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Friday, September 26, 2014

Venture capital in healthcare is flowing, but how long will it last?

Despite the lingering slow recovery of the economy one sector that is booming is in health care financing and funding of health information technology, ranging from electronic data storage, evolutionary development of current technology which includes, EHR HIX, telehealth, health information exchanges, and mobile health apps. 




Much of the financing of these are not through conventional funding, but depends upon venture capital and startups from young entrepeneurs just entering the work-force.  Some are triggered by well funded, successful companies such as Google, Microsoft, and Apple.  Apple and Google have recently entered the health space in a more visible manner. Both Apple and Google have already developed many moble health apps,  now both companies are launching a more visible presence as Google Health, and Apple's Healthkit.With so much venture capital being foisted onto the digital health space, it’s beginning to beg the question: how long will this last, can it sustain itself, and what’s an entrepreneur to do? And, what are the implications for emerging companies versus traditional healthcare companies and systems?
Those were just a few of the burning questions discussed at Health 2.0‘s Pre, Post, M&A IPO panel held in Santa Clara.
"In the current landscape, larger-than-average sums of seed and early series funding is available to startups across a wide spectrum within the healthcare space. While that may seem like an obvious benefit, entrepreneurs need to be mindful of what’s reasonable and what’s actually needed, so as not to over-promise with a big initial raise and under deliver with a sub-par series b or c.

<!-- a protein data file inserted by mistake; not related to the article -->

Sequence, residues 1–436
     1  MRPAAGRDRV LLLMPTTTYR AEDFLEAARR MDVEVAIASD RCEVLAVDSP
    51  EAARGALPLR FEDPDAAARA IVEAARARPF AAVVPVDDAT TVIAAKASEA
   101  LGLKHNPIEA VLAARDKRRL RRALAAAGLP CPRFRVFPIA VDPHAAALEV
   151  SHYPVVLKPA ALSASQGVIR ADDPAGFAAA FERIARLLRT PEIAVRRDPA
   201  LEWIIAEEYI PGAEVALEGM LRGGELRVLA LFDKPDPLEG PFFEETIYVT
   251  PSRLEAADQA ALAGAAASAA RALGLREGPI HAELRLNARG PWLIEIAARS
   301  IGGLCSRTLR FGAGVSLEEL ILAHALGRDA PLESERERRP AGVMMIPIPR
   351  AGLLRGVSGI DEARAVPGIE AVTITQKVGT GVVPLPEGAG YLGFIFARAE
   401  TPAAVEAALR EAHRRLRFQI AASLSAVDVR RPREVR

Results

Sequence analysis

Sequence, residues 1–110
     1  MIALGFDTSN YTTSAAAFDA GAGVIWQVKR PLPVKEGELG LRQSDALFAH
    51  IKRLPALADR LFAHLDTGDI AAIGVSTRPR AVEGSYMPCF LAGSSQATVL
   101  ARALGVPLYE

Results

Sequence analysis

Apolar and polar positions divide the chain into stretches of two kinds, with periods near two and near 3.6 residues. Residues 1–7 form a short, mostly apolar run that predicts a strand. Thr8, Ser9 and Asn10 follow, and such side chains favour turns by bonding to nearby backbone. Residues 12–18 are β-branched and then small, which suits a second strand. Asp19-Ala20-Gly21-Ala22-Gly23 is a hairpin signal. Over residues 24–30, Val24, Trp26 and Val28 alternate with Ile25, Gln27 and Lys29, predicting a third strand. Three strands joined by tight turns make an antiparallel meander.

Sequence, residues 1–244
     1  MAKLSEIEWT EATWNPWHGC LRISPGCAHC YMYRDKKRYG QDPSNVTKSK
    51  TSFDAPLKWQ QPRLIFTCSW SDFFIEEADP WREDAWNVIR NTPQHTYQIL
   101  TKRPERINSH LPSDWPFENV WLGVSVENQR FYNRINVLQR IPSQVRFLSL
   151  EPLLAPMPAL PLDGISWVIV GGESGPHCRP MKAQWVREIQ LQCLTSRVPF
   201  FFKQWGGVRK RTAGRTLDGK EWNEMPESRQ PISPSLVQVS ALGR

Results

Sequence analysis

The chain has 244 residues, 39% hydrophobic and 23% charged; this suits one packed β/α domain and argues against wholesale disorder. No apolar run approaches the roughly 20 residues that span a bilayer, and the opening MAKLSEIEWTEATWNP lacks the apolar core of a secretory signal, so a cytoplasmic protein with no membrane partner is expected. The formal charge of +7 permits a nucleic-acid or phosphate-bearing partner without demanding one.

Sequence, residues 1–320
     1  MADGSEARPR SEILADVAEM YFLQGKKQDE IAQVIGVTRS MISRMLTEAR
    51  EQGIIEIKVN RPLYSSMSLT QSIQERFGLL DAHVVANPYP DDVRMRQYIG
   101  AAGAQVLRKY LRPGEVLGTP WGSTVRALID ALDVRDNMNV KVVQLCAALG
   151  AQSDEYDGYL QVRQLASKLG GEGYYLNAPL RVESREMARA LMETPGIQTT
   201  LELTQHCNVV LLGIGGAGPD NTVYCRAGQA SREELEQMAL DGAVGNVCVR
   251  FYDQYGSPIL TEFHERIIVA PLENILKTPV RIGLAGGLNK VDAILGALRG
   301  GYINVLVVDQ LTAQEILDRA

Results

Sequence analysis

“You need to be careful to not overreach on your first round,” said Johh de Souza of MedHelp. “It can be very hard then on the second round. It matters on who the investor is, too.”
Frank Williams, of Evolent, agreed: “ You can overreach and then under deliver, and that creates a lot of issues.”
Sage advice, to be sure, but the entrepreneur should also capitalize on the current market conditions, and shouldn’t necessarily be faulted for the seeming glut of capital being heaped upon healthcare startups, Glen Tullman of 7wire Ventures cordially countered.
“I don’t think you can blame, nor should the entrepreneur be conservative, in terms of how big the raise is,” he said. “It doesn’t matter what you raised at a valuation – either you’re performing or you’re not.”
The venture capital funds are increasingly shifting away from life sciences and biotech and toward the digital health realm, with investors realizing that much less capital is needed to get off the ground for the latter while a return is still enticing, said Milena Adamain of Azimuth Partners.
To that end, on the M&A side, much of it’s a seller’s market, certainly as it relates to digital health, Williams said.
“It’s really hard to buy thinks now,” he said. “Everything is really expensive because of the competition.”
But the overall M&A landscape of healthcare in general will continue to be much more varied, with a good deal of late-comers merging as a means of survival. Yet at the same time, the different types of buyers, including nontraditional players like big consumer companies, bodes well for activity.
“As far as M&A, it looks incredibly attractive because of a broad base of buyers that you’ve never had,” Adamain said.
On the IPO side, everyone still looks to Castlight as what might be, but it’s still too soon to say whether long-term stability can be achieved, the panel said. Although at the moment, being a billion dollar company certainly appears to be working in Castlight’s favor.
“I would say the jury is still out,” Williams said. “Right now it’s a massive success. The question is do they continue to grow.”
So what does that mean for companies pondering the IPO? It’s hard to say exactly, but Tullman, of 7wire Ventures, said one gauge is to see how feasible it is for investors to sell within a year and what sort of return they can get.
All told, while it’s speculative to insist a bubble will burst around the available capital for digital health, and tech in general, the healthcare space is likely big enough to sustain a significant share of investor interest."